2 Peter 3:9
8 Now, dear friends, do not let this one thing escape your notice, that a single day is like a thousand years with the Lord and a thousand years are like a single day. 9 The Lord is not slow concerning his promise, as some regard slowness, but is being patient toward you because he does not wish for any to perish but for all to come to repentance. 10 But the day of the Lord will come like a thief; when it comes, the heavens will disappear with a horrific noise, and the celestial bodies will melt away in a blaze, and the earth and every deed done on it will be laid bare.
4 Ezra 8:592 Esdras
57 Yes, and they trampled on his just servants; 58 they said to themselves, “There is no God”, though well aware that they must die. 59 Yours, then, will be the joys I have predicted; theirs the thirst and torments which are prepared. It is not that the Most High has wanted any man to be lost, 60 but that those he created have themselves brought dishonor on their Creator’s name, and shown ingratitude to the One who had put life within their reach. 61 My day of judgment is now close at hand, 62 but I have not made this known to all; only to you and a few like you.’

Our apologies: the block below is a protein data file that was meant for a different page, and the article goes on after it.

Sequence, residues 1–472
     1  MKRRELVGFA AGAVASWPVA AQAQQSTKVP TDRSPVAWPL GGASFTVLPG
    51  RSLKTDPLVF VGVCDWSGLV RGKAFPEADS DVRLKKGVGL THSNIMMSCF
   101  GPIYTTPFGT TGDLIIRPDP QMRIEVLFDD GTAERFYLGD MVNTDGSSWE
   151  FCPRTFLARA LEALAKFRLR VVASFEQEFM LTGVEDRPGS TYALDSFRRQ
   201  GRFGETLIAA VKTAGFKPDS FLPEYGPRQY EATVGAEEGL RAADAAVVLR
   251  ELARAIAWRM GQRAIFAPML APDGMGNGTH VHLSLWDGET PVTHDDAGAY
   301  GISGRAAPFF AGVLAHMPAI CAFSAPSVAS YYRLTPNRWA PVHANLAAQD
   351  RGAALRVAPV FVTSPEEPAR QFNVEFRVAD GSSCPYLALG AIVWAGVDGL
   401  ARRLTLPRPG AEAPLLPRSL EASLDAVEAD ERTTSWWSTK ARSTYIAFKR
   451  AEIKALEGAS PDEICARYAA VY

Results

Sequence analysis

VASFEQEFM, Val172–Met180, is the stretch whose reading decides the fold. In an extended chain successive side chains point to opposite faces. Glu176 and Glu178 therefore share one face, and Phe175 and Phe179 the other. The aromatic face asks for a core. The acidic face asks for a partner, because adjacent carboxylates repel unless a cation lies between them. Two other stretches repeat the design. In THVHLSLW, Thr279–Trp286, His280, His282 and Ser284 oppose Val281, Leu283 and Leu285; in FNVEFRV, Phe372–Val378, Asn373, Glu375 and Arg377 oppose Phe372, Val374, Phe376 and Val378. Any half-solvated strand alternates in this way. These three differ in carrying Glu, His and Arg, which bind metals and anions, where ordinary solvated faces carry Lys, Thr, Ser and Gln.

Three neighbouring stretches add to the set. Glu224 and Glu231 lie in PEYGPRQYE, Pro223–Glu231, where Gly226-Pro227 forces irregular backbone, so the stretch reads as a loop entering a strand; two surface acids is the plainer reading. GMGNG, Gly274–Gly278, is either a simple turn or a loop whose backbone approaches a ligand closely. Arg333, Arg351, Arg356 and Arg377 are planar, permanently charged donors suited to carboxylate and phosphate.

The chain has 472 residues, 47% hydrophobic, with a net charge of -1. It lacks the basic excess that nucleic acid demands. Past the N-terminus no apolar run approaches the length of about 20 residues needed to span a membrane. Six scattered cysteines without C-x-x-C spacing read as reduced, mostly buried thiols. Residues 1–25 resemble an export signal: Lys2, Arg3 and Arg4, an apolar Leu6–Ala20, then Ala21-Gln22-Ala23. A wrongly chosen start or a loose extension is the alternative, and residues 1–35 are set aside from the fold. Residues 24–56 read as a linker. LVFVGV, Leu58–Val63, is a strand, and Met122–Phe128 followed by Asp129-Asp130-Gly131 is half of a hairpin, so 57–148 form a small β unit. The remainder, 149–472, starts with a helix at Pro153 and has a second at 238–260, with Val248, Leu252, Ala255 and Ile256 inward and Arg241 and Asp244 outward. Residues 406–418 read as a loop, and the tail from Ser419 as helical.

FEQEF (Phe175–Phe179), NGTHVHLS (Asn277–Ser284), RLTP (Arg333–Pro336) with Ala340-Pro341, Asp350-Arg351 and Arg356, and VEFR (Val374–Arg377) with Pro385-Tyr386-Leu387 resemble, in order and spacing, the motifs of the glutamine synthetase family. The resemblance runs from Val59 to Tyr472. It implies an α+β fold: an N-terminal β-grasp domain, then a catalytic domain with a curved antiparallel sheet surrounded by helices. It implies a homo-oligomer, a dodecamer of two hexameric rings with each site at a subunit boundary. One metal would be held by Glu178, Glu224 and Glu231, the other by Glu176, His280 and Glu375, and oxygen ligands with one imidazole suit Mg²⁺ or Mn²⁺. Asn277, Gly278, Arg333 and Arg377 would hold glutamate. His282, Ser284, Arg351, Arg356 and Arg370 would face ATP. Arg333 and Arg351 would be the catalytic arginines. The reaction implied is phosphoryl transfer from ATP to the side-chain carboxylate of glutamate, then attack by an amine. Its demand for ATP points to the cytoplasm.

Notes and References
"... The fate of the dead is described at length in 4 Ezra 7. It is a part of a longer section (6:35–9:25), a dialogue between Ezra and the angel Uriel concerning whether the eternal punishment of sinners, who comprise most of humankind, can be reconciled with the idea of God’s love for his creation. Ezra inquires why the majority of people are sinners and thus will be punished, and only a few are saved. According to the divine answer, God is merciful to all and wants no one to be lost. Those who will be lost can only blame themselves for not keeping the law and being faithful to God (4 Ezra 8:59–60). On the other hand, the new world is only for the few precious ones, who are few “like precious stones are few amidst the clay” (4 Ezra 7:49–61). This would imply that the sinners were created not for their own sake but for those who will be saved. The majority, then, only form a dark background against which the light of the righteous shines even more brightly ..."
Lehtipuu, Outi The Afterlife Imagery in Luke’s Story of the Rich Man and Lazarus (pp. 138-139) Brill, 2007
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